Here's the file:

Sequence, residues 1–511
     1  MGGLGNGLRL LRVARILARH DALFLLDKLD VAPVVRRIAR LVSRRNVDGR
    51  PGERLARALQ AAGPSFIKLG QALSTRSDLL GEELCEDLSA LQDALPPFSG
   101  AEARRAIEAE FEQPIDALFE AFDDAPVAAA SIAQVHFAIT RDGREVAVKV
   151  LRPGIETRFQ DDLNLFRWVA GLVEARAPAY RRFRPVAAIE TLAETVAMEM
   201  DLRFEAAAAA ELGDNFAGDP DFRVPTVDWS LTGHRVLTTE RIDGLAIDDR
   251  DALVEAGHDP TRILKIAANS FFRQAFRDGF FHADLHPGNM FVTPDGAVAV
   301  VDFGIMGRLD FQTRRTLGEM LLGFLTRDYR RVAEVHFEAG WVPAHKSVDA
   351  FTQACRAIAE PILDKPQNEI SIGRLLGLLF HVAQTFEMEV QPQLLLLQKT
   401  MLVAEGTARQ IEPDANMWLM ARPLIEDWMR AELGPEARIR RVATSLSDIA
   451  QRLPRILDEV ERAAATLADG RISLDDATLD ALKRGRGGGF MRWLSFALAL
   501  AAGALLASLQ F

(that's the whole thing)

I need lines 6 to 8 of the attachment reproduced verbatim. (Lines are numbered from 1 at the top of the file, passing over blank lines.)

   201  DLRFEAAAAA ELGDNFAGDP DFRVPTVDWS LTGHRVLTTE RIDGLAIDDR
   251  DALVEAGHDP TRILKIAANS FFRQAFRDGF FHADLHPGNM FVTPDGAVAV
   301  VDFGIMGRLD FQTRRTLGEM LLGFLTRDYR RVAEVHFEAG WVPAHKSVDA